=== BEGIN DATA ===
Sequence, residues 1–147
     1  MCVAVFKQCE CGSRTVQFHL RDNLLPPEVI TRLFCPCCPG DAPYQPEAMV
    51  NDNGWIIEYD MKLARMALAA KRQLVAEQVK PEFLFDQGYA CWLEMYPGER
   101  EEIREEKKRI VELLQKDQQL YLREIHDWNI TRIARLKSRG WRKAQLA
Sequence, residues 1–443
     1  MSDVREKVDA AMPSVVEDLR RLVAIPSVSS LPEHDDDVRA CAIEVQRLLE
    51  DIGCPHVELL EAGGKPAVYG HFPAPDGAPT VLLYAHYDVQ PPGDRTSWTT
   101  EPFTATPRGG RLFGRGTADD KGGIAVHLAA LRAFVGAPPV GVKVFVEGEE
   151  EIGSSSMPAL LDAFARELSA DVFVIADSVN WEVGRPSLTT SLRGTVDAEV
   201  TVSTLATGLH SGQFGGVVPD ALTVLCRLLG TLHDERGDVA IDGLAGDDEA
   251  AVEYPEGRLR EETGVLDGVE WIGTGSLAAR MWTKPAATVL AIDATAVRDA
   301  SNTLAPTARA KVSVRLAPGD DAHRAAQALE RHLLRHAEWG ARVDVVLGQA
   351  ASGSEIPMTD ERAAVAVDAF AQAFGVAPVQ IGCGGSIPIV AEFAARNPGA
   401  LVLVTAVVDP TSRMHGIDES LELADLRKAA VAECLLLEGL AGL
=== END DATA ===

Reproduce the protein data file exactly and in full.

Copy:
Sequence, residues 1–147
     1  MCVAVFKQCE CGSRTVQFHL RDNLLPPEVI TRLFCPCCPG DAPYQPEAMV
    51  NDNGWIIEYD MKLARMALAA KRQLVAEQVK PEFLFDQGYA CWLEMYPGER
   101  EEIREEKKRI VELLQKDQQL YLREIHDWNI TRIARLKSRG WRKAQLA
Sequence, residues 1–443
     1  MSDVREKVDA AMPSVVEDLR RLVAIPSVSS LPEHDDDVRA CAIEVQRLLE
    51  DIGCPHVELL EAGGKPAVYG HFPAPDGAPT VLLYAHYDVQ PPGDRTSWTT
   101  EPFTATPRGG RLFGRGTADD KGGIAVHLAA LRAFVGAPPV GVKVFVEGEE
   151  EIGSSSMPAL LDAFARELSA DVFVIADSVN WEVGRPSLTT SLRGTVDAEV
   201  TVSTLATGLH SGQFGGVVPD ALTVLCRLLG TLHDERGDVA IDGLAGDDEA
   251  AVEYPEGRLR EETGVLDGVE WIGTGSLAAR MWTKPAATVL AIDATAVRDA
   301  SNTLAPTARA KVSVRLAPGD DAHRAAQALE RHLLRHAEWG ARVDVVLGQA
   351  ASGSEIPMTD ERAAVAVDAF AQAFGVAPVQ IGCGGSIPIV AEFAARNPGA
   401  LVLVTAVVDP TSRMHGIDES LELADLRKAA VAECLLLEGL AGL